Under the imploring headline 'We Germans Don't Want a German Europe', German Finance Minister Wolfgang Schäuble recently denied in a newspaper essay that Germany seeks a political leadership role in the European Union. 'The idea that Germans want to play a special role in Europe is a misunderstanding', Schäuble calmed down. 'We are not asking others to be like us. This accusation makes no more sense than the national stereotypes that lurk behind such statements.'
But the facts tell a different story, as the political scientist Edgar Grande found out in a European-wide survey. He and his crew studied the discourses on the European crisis in different national contexts. His findings point to a remarkably clear difference between Germany and the other European countries, including the United Kingdom. Whereas in all countries supranational actors (the Troika) are acknowledged as powerful players in the national arena, they are ignored within the public discourse in Germany. This means that the German debate on the Euro-crisis was primarily a national debate, while in all other countries, it was primarily a European debate dominated by supranational and German actors. These empirical findings clearly affirm my diagnosis on 'German Europe' which has evolved in the cause of the Euro-crisis in both its meanings: while Germany is the centre of discussion in all national discourses across Europe, the discussion in Germany itself is almost exclusively focused on Germany.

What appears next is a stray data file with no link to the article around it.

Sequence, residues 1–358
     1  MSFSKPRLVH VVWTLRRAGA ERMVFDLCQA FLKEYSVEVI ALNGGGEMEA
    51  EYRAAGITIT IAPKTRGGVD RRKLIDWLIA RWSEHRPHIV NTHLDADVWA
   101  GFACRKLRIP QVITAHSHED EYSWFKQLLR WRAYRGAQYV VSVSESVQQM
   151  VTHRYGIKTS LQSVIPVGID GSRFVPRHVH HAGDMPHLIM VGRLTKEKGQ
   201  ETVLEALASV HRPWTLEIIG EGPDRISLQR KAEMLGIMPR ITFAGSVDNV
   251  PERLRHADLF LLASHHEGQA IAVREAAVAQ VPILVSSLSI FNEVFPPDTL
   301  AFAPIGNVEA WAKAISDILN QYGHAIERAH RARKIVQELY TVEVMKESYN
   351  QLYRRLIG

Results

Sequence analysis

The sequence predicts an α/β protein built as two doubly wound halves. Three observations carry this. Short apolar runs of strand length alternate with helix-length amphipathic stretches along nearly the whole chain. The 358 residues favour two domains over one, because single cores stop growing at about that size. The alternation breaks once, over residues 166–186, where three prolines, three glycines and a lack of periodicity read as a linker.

With federal elections taking place in September, the visitor to Berlin might expect the city to be a hot bed of controversy on Europe. But Germany is oddly detached. The German campaign ahead of September 22nd general elections has focused on US intelligence surveillance, the rising cost of energy, child care facilities. That's it. Germany, the key to solving the Euro-crisis, seems immune to a polarizing dispute over alternatives, none of which is available for free.
Since the Euro-crisis began, many governments across Europe have been swept from power. The opposite seems to be true with Germany's Chancellor. Germans love Angela Merkel – first and foremost because she asks little of them. And because Merkel is practicing a new style of power politics in Europe: Merkiavellism – a combination of Machiavelli and Merkel. 'Is it better to be loved or feared?' Machiavelli had inquired in The Prince. His answer is that 'one ought to be both feared and loved, but as it is difficult for the two to go together, it is much saver to be feared than loved, if one of the two has to be wanting'. Merkiavelli is applying this principle selectively in a new way. Abroad she is to be feared, at home she should be loved – perhaps because she has taught foreign countries to fear. Brutal neo-liberalism to the outside world, consensus with social democratic tinge at home – that is the successful formula which has enabled Merkiavelli constantly to expend her own position of power and that of Germany as well.